Rosalind Brewer

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Rosalind G. Brewer is an American businesswoman, the COO of Starbucks and the former President and CEO of Sam's Club, a division of Wal-Mart Stores Inc.[1][2][3][4][5][6] USA Today referred to her as "one of corporate America's most prominent women and black female executives."[7] She became the first woman and the first African-American to fill the role of CEO at one of Wal-Mart Stores' divisions.[8] In 2018 she was listed as the 34th in Forbes' ranking of the most powerful women.[9]

Early life and education[edit]

Brewer, a Detroit native, attended Cass Technical High School in Detroit, she completed her undergraduate education at Spelman College, where she earned a bachelor's degree in chemistry.[2][4][5] She is a graduate of the Director's College at the University of Chicago Booth School of Business/Stanford Law School, and she also attended an advanced management program at The Wharton School of the University of Pennsylvania.[5]


Brewer had a 22-year career at Kimberly-Clark Corporation.[2][4] Starting out as a scientist, she eventually advanced to president of the Global Nonwovens Sector in 2004.[5]

Brewer's career with Walmart began in 2006 with her position as regional vice president over operations in Georgia. From there, she became the division president of Walmart's Southeast market, then president of Walmart East.[5] In 2012, Brewer was named President and CEO of Sam's Club, becoming the first African American to lead a Walmart division,[3][10] she focused on health and wellness by doubling the amount of organic products offered at Sam's Clubs.[11]

Brewer's career with Sam's Club came to an end when Brewer was interviewed on CNN by Poppy Harlow. Brewer made the statement "The entire other side of the table was all Caucasian male," she said. "That was interesting." She said that while she chose not to address it with everyone in the room, she was "going to place a call" to the supplier, indicating that there was a problem or that it should be wrong for a company to hire and employ all white men. That comment spurred a lot of backlash and Brewer's exit from Sam's Club.[12] />

Brewer formerly served on the board of directors for Lockheed Martin Corporation, and is chair of the board of trustees for Spelman.[5]

On February 1, 2017 Brewer was nominated for the Starbucks Board of Directors, and was named as COO in September of that year.[13][1] Brewer is the second-highest-ranking executive at Starbucks after CEO Kevin Johnson, she leads the organization's businesses in the United States, Canada and Latin America in addition to its operations.[14] Shortly after being named to her new role, she navigated Starbucks through a difficult year, after the arrest of two black men at a Philadelphia store location triggered nationwide protests and negative publicity. In response, Brewer implemented policy changes and instituted racial bias training for employees in 8,000 stores on racial bias.[15]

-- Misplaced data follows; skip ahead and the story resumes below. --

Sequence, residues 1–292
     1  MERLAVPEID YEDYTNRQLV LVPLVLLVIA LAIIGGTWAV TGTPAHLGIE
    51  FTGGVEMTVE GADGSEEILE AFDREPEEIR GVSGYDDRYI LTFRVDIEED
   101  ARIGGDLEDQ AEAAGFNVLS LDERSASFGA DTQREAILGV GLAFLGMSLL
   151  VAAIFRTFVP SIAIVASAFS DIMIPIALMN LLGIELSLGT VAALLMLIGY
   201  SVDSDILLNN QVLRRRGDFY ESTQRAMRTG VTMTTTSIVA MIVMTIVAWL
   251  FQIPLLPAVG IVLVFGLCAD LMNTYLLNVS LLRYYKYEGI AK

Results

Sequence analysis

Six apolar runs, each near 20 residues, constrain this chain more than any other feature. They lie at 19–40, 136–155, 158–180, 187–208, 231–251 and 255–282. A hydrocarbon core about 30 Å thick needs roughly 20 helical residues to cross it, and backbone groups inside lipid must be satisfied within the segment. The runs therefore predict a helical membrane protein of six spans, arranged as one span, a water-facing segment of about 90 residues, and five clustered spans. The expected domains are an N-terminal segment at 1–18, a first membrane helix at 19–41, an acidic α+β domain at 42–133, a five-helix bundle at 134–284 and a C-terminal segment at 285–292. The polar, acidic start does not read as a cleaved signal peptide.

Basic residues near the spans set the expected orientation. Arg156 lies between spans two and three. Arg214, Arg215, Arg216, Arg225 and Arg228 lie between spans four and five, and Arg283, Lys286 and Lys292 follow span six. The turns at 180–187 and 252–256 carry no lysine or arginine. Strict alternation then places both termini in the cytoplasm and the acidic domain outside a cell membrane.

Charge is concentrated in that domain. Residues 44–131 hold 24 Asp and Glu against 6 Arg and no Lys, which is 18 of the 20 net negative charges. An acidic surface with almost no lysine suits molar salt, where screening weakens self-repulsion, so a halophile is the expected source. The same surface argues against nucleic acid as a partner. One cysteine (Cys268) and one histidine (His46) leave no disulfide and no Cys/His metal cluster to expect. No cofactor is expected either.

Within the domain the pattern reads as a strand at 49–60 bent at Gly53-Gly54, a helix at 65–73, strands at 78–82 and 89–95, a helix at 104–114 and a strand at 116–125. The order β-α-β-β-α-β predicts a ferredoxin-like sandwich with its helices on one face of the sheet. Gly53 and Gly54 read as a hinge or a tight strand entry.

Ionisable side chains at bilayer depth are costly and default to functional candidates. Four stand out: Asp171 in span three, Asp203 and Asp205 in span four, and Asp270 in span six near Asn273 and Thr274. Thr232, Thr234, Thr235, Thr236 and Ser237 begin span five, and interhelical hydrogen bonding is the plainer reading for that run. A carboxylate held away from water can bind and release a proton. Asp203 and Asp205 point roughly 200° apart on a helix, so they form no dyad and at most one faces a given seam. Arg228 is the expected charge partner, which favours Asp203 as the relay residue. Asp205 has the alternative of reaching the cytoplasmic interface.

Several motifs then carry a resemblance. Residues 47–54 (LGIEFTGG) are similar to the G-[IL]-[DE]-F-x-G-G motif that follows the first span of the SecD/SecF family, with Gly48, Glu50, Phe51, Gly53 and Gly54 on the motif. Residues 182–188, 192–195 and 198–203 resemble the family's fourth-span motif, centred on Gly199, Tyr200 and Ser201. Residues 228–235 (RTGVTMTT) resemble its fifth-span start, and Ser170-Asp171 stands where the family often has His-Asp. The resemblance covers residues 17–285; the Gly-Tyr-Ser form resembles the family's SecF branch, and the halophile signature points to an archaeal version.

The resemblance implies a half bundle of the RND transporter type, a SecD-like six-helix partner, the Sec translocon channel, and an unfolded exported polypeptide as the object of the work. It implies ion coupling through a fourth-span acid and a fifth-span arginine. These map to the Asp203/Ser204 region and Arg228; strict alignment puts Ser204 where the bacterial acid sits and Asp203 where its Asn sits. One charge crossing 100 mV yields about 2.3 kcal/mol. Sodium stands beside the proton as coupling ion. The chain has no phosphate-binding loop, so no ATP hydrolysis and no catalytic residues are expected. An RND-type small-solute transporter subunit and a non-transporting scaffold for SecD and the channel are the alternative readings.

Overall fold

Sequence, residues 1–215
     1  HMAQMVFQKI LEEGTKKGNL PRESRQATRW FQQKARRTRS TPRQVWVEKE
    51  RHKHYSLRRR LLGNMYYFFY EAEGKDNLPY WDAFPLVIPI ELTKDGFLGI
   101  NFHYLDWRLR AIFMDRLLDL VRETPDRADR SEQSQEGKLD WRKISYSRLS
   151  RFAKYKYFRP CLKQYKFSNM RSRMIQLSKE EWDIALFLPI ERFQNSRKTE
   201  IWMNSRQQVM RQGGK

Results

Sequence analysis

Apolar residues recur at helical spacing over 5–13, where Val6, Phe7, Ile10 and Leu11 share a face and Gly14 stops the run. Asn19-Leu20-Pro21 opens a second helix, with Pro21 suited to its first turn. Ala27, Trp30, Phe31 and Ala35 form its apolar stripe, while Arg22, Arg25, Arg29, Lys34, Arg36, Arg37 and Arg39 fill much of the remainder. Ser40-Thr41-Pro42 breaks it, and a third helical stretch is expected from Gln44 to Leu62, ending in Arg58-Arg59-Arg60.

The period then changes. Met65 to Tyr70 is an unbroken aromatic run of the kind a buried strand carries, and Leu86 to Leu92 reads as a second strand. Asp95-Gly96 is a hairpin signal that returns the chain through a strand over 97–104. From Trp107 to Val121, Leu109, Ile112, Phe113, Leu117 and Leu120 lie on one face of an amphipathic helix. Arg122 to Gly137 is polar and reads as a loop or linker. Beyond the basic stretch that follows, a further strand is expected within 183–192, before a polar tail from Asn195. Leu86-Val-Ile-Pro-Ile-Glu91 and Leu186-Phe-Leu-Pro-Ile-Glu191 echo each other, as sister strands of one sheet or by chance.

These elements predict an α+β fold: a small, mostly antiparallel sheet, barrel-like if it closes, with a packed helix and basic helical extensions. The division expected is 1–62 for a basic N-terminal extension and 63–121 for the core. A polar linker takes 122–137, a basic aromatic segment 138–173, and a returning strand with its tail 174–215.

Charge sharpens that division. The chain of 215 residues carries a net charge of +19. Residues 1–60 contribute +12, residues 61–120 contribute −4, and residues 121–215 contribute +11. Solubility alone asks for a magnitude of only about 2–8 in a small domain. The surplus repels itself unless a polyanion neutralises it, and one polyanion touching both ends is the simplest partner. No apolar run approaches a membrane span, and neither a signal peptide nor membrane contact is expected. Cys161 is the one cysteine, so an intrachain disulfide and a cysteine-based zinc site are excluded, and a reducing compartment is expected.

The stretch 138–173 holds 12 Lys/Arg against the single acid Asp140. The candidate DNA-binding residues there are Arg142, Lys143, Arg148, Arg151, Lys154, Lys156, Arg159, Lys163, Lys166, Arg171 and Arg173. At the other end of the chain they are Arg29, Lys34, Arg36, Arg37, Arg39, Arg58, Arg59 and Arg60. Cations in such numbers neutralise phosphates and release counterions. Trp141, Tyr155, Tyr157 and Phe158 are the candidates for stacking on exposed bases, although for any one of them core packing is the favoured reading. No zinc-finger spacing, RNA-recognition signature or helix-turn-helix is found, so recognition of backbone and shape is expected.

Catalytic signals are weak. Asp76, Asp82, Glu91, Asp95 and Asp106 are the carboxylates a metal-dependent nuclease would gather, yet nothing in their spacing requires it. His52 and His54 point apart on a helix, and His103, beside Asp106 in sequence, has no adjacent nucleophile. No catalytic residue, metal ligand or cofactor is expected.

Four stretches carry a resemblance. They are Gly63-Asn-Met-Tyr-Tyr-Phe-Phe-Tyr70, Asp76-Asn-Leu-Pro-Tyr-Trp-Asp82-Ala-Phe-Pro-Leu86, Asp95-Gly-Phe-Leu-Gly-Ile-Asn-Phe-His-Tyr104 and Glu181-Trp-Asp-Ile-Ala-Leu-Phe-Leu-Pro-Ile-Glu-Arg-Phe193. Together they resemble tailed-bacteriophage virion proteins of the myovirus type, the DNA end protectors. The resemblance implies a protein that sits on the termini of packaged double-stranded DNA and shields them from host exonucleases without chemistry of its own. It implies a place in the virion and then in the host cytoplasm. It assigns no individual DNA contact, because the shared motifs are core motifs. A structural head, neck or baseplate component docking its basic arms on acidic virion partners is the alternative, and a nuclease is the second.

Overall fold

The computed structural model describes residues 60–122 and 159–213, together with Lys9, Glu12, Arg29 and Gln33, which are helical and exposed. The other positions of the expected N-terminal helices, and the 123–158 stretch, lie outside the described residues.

In February 2019, Amazon announced that Brewer has been named to their board.[16]

Brewer has served as Chair of Board of Trustees for Spelman College since 2011 after being elected in 2006, she was a director of Molson Coors Brewing Company from 2006 to 2011 and is on Board of Directors for Lockheed Martin, Board of Trustees for The Westminster Schools in Atlanta, and Board of Councilors for the Carter Presidential Center.[17]

Personal life[edit]

Brewer is married to John Brewer, and they have two children.[2]


In 2013, Brewer was named one of the World's 100 Most Powerful Women by Forbes;[3] the magazine also named her among the Most Powerful Black Women of 2013. Additionally, Working Mother named her one of the Most Powerful Working Moms of 2013,[5] she has been honored by Fortune magazine as one of the 50 Most Powerful Women in Business.[5] As of 2014, she is listed as the 64th most powerful woman in the world by Forbes.[18] Fortune 500's Most Powerful Women List of September 15, 2015 issue ranked Brewer 15th.[11] In 2016 she ranked 19th on Fortune's annual ranking.[19]

Brewer received the Spelman College Legacy of Leadership award.[20]


  1. ^ a b Greenstone, Scott (September 6, 2017). "App-savvy new Starbucks COO is the first woman, African American in company's highest echelon". Seattle Times. Retrieved 2017-09-13.
  2. ^ a b c d "Rosalind Brewer". 1970-01-01. Retrieved 2017-07-11.
  3. ^ a b c "Rosalind Brewer". Worlds Most Powerful Women. Retrieved 23 August 2012.
  4. ^ a b c "Archived copy". Archived from the original on 2012-11-01. Retrieved 2012-11-12.CS1 maint: archived copy as title (link)
  5. ^ a b c d e f g h "Sam's Club". Rosalind Brewer biography. Walmart. Retrieved 22 July 2013.
  6. ^ "Sam's Club CEO Rosalind Brewer to retire Feb. 1". Retrieved 2017-07-11.
  7. ^ [1] USA Today, "Amazon names black Starbucks exec Rosalind Brewer to all-white board in 'barrier-breaking' appointment" February 4, 2019
  8. ^ "Rosalind Brewer, Named First Woman, African-American, CEO Of Sam's Club". Huffington Post. 21 March 2012. Retrieved 10 September 2015.
  9. ^ [2] Forbes, "Power Women: Rosalind Brewer" 2018
  10. ^ "Rosalind Brewer, Named First Woman, African-American, CEO Of Sam's Club". The Huffington Post. January 20, 2012. Retrieved October 4, 2014.
  11. ^ a b Bellstrom, Kristen (September 15, 2015). "Fortune's Most Powerful Women List". Fortune.
  12. ^
  13. ^ "Starbucks Nominates Rosalind Brewer To Board of Directors". Retrieved 2017-02-17.
  14. ^ [3]
  15. ^ [4] Forbes, "Power Women: Rosalind Brewer," 2018
  16. ^ [5]
  17. ^ [6] AY Magazine,"From chemist to CEO, Rosalind Brewer", September 1, 2012
  18. ^ "The World's 100 Most Powerful Women". Forbes. Forbes. Retrieved February 17, 2017.
  19. ^ "Tricia Griffith". Fortune. 2016-09-08. Retrieved 2017-02-17.
  20. ^ "Rosalind Brewer- C'84". Retrieved 2017-02-17.